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Solid Ground: real estate companies turn to equity financing

As global economic conditions continue to deteriorate, more companies are expected to turn to their balance sheets in 2023 to raise capital, particularly European real estate companies.

Some companies are already taking advantage of a window of brief market optimism at the end of 2022, as reported by ECM Explorer’s sister column ECM Pulseto issue deals.

A slew of European companies, many in Belgium, are in the market with capital raises, most recently VGP NV [EBR:VGP] which completed a EUR 302.9m rights issue today, November 25, according to a release. The deal had a take-up of 94.4% with banks launching a sale for the remaining stake on the day of the results announcement.

In June, Aedifica [EBR:AED], a Belgium-based health care investor, raised EUR 254.5m in an accelerated placement; this month, Montea [MONT:EN Brussels], a specialist in logistics real estate, raised EUR 103m from an issue of new shares.

An ECM investor predicted that real estate companies will be big issuers of primary equity next year as is often the case in a downturn. Dealogic data confirms that real estate capital raising does tend to follow economic cycles. Deal volume shot up in 2009 straight after the financial crisis as well as is 2020 and 2021 in the teeth of the Covid-19 pandemic.

The sector once again looks threatened, mainly by higher interest rates, inflation and recession. Companies have huge long-term commitments, which need financing, but the debt markets are far more expensive, said an ECM banker. The only option is equity, which will prompt several to tap the markets, he added.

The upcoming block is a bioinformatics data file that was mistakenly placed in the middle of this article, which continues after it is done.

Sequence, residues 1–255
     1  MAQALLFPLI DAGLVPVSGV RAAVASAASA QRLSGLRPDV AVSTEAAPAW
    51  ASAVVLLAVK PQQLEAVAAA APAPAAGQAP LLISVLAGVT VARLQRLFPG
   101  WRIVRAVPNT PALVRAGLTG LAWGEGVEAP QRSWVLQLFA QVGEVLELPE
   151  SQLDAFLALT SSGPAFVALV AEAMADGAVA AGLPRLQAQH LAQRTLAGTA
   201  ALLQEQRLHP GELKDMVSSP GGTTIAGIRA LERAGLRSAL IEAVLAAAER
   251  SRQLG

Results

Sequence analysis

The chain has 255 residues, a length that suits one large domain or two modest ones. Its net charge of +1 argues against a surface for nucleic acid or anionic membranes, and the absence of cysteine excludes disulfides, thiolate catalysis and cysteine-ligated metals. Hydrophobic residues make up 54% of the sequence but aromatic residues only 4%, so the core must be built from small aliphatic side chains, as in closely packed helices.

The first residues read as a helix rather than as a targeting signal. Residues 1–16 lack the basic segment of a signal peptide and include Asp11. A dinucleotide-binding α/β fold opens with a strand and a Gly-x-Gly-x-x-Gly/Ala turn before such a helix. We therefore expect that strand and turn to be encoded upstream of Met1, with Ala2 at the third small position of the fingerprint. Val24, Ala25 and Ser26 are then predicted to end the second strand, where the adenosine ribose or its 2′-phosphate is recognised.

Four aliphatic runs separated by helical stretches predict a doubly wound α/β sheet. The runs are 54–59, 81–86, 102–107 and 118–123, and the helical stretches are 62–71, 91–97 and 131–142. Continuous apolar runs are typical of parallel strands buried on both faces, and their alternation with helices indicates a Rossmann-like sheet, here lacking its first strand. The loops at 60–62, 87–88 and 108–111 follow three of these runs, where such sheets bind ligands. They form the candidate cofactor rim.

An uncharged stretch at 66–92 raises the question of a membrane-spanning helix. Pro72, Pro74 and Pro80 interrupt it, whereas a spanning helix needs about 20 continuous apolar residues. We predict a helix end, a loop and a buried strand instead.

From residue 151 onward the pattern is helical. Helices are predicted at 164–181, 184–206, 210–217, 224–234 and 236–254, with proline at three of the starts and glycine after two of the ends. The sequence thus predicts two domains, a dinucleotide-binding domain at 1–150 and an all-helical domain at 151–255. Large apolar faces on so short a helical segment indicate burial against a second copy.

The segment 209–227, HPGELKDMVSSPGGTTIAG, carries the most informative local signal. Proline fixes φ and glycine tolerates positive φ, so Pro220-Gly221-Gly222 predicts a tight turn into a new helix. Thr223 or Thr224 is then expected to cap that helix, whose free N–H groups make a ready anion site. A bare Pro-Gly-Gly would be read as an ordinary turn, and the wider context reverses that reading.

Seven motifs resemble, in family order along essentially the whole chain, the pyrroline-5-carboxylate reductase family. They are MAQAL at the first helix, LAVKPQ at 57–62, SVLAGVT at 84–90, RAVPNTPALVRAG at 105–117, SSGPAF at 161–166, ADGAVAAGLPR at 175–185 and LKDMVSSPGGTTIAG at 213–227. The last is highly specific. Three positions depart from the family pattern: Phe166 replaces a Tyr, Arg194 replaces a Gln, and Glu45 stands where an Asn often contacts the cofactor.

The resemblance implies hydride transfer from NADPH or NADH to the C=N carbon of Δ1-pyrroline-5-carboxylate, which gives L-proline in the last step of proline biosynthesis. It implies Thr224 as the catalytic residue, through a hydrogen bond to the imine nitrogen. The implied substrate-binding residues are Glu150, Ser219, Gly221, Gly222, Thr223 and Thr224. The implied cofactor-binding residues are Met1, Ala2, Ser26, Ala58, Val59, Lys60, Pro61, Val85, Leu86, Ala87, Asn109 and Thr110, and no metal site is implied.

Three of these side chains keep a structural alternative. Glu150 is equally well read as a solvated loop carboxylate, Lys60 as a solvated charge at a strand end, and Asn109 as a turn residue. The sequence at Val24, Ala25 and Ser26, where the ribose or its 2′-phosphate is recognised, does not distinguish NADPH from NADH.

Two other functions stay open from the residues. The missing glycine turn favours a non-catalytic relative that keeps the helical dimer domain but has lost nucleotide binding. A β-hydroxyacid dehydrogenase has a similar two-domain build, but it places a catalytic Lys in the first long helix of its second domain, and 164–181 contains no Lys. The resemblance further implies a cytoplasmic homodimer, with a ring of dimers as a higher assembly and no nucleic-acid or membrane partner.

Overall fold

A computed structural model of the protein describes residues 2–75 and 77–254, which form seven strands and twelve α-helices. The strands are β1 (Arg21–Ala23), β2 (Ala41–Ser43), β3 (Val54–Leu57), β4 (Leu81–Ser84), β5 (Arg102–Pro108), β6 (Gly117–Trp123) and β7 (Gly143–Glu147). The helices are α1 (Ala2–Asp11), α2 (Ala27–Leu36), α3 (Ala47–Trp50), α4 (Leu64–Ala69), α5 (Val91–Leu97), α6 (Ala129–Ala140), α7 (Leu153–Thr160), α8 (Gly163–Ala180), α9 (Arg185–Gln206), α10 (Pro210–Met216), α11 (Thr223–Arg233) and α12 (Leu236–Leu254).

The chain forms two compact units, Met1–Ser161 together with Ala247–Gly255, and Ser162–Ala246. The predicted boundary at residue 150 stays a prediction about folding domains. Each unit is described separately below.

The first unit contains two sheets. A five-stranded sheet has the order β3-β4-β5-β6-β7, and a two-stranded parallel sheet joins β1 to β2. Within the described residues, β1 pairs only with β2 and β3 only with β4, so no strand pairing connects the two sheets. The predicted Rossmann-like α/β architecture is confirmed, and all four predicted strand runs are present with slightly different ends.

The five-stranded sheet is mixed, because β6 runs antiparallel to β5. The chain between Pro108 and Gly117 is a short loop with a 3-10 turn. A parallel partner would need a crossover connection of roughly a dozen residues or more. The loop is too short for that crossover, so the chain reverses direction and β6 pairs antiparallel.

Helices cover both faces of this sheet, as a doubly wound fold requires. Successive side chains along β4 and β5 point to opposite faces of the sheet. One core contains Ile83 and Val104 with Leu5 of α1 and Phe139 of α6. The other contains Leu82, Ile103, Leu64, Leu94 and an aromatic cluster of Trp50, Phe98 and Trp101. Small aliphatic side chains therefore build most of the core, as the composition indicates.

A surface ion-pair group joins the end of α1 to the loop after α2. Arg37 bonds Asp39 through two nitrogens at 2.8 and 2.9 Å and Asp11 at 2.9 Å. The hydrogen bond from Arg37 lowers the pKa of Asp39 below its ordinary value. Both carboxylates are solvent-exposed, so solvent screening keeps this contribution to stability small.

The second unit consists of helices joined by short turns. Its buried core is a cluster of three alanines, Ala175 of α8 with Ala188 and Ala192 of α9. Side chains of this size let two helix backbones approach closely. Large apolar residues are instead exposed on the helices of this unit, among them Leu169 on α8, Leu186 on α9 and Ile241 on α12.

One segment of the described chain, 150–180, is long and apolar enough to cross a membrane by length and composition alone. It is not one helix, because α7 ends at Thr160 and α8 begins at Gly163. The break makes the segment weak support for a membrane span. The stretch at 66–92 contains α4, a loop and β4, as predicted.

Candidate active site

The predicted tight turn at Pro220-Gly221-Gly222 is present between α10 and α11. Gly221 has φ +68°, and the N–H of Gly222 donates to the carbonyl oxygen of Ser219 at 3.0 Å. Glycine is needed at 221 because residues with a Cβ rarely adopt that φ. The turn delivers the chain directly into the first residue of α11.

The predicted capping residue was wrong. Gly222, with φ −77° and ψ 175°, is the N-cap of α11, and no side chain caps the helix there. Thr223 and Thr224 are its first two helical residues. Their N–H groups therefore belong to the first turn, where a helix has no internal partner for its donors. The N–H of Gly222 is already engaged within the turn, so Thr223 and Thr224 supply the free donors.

Thankfully, investors are receptive to these issuers, especially because their deals are not about financing balance sheet issues but often about funding new growth strategies, said this banker.

“The market is good for that because buysiders are welcoming these stories,” he noted.

A second ECM banker said that real estate was a strong sector for ECM, and it was benefitting from the tailwind of previous quarters. Investors tend to be ready to finance projects and are comfortable with the plans laid out by issuers, and he also noted most stories are based on growth trajectories and long-term development plans.

In the context of real estate, investors particularly like logistics assets, he said, adding that warehouses and industrial parks get a lot of attention.

Demand for real estate exposure comes as investors continue to shy away from tech stocks, with buysiders able to grasp more tangible business fundamentals, the second banker said.

He added that a full host of European companies are ready to go to market at an appropriate window.

At a time of shifting economic sands, European real estate companies are looking at their foundations once again.